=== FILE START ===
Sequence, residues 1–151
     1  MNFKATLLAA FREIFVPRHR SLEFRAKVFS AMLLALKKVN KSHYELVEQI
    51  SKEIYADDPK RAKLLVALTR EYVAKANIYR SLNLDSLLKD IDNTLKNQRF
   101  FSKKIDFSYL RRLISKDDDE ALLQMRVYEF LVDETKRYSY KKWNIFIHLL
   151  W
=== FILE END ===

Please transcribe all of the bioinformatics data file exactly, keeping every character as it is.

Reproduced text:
Sequence, residues 1–151
     1  MNFKATLLAA FREIFVPRHR SLEFRAKVFS AMLLALKKVN KSHYELVEQI
    51  SKEIYADDPK RAKLLVALTR EYVAKANIYR SLNLDSLLKD IDNTLKNQRF
   101  FSKKIDFSYL RRLISKDDDE ALLQMRVYEF LVDETKRYSY KKWNIFIHLL
   151  W